Get Your Video Message Across

Tips for purchasing a wireless Lavalier mic system.

With video becoming the latest tool for distributing your marketing message over various platforms, it is important to focus on capturing the best and brightest sound. Why is this important? Because regardless of how crisp and clear your video is, audio is what makes it. Viewers will watch a video with a poor picture if they have good sound, but not vice versa.

Audio delivers your message, so you want it to be as good as it can be. Since most B2B marketing videos feature executives, subject experts, and testimonials, having a good wireless Lavalier microphone set up is important.

These are tiny microphones that clip onto lapels, shirt collars and ties. The mic cable runs underneath the subject’s shirt of jacket into a transmitter. The transmitter sends the audio wirelessly to a receiver that plugs into your camera or your audio mixing gear.

Why Wireless?

Wireless systems have an obvious benefit – freedom of movement. Wireless systems also are faster to set up, and minimize the clutter of cables and mic stands. Of course, their benefits aren’t limited to stages; you’ll find wireless systems in houses of worship, lecture halls, theatres, dance and exercise studios—anywhere presenters, instructors, or performers are looking for freedom of movement. Wireless systems have grown increasingly popular along with improvements in their sound, reliability, and affordability.

Wireless Set Up Basics

The following is a generic approach that applies to the vast majority of wireless microphone systems available. Of course, it is always best that you follow the instructions found in your owner’s manual for the best results.

  1. Turn on your receiver while the transmitter is still powered off. Most wireless receivers have an “Automatic Frequency Selection” function – press that button and your receiver will assign itself a frequency.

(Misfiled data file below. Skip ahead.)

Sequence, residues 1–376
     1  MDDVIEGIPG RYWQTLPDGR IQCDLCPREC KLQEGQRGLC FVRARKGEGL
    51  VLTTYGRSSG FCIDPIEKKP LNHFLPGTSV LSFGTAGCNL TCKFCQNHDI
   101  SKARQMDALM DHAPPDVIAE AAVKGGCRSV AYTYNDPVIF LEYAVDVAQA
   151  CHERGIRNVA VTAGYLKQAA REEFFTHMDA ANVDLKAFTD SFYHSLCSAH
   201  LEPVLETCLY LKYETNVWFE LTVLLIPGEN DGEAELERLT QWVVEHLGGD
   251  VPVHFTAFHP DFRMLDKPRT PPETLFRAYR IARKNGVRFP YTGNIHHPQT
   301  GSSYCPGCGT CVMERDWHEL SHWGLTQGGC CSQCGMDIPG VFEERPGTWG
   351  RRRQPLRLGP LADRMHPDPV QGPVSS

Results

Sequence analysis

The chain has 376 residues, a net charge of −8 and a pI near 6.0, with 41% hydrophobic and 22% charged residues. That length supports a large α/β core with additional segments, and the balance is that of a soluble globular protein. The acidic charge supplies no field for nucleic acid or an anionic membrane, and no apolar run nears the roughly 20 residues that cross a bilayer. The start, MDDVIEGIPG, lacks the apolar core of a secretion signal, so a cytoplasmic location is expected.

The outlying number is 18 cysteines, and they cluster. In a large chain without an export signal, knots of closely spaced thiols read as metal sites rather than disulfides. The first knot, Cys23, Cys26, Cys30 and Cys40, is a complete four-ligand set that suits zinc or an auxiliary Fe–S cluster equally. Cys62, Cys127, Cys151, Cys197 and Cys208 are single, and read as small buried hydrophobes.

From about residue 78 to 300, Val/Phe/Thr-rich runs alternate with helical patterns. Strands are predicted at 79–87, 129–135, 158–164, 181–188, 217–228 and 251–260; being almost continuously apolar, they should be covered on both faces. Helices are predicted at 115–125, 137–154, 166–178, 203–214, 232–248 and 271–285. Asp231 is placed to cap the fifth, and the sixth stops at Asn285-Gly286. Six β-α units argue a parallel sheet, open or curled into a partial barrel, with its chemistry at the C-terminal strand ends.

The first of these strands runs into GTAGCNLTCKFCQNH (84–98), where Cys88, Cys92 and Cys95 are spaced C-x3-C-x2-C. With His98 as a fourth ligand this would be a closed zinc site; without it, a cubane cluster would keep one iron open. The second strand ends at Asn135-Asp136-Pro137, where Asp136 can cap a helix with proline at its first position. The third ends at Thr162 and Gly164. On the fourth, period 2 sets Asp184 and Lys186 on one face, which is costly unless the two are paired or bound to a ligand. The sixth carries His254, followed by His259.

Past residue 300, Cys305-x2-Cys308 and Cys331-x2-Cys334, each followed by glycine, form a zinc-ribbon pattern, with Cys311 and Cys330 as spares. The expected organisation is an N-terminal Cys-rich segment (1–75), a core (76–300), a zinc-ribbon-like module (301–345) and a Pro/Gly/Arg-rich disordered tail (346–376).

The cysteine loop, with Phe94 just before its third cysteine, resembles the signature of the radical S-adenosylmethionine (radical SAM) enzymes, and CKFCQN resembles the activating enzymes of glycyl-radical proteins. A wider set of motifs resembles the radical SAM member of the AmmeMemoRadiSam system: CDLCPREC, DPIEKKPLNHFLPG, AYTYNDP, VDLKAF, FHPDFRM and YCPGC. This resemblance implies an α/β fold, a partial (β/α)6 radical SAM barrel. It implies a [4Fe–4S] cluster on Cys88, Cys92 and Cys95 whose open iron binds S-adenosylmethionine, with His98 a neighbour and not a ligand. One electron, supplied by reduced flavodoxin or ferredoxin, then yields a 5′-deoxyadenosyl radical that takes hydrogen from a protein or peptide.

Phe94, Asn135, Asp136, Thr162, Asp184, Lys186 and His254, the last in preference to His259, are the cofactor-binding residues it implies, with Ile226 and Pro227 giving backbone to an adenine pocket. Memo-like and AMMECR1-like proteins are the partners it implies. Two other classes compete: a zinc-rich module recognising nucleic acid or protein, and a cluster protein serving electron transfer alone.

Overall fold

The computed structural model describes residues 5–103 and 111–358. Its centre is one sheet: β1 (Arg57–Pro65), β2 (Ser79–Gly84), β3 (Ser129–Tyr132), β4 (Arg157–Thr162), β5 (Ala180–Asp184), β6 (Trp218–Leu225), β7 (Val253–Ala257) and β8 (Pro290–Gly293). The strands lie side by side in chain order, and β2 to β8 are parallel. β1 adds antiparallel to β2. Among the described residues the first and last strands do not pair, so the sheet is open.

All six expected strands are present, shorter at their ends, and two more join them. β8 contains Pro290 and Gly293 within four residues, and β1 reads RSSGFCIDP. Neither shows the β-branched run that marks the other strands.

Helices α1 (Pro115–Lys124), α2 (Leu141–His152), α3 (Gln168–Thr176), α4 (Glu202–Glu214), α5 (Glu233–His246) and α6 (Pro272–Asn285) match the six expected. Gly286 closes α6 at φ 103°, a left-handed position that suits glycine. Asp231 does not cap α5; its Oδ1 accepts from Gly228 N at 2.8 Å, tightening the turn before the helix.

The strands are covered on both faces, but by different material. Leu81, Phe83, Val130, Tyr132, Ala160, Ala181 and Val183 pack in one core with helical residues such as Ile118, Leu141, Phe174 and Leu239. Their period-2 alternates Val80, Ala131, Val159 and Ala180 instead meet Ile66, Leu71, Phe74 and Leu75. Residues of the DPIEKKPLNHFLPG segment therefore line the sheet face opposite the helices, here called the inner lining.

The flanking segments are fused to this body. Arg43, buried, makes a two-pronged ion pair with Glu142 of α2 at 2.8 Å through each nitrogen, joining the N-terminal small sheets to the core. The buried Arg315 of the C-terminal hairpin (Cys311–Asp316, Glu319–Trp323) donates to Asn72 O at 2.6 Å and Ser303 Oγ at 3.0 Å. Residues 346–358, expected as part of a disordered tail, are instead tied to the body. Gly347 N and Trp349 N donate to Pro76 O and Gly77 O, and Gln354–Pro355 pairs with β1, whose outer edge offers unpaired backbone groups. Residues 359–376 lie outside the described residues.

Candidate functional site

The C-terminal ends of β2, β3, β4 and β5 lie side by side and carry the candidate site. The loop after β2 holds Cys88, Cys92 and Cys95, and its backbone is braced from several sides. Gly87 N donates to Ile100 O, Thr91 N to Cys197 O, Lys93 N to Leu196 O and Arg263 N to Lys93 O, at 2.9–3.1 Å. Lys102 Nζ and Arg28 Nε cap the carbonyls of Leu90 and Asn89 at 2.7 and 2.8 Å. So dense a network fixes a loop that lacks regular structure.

2. Most wireless transmitters have a button that will make it synchronize with the receiver that you just turned on (once the receiver has chosen a frequency). Press this button, and the transmitter will engage with the receiver and you’re ready to go.
  3. Check the signal levels at the transmitter and at the receiver to make sure that you’re getting a good signal without any distortion. Adjust the transmitter volume controls for the best signal with the least distortion possible.
  4. The signal-to-noise ratio of a wireless system. As the transmitter moves farther away from the receiver, the overall signal-to-noise ratio grows worse as the transmitter signal gets weaker. When the system gets near the limit of its operating range, dropouts will become more frequent and a buildup of steady static or distortion may be audible.

Analog Versus Digital Wireless Systems

It is not necessary to understand technical aspects of how digital and analog wireless signals are processed and transmitted, but you should know that there is a difference. You can look at an analog wireless system as basically sending your audio through the airwaves, with the wireless system doing its best to separate any noisy, interfering audio from your original signal. While pro-quality systems do this very well, there is at least the potential for signal quality loss.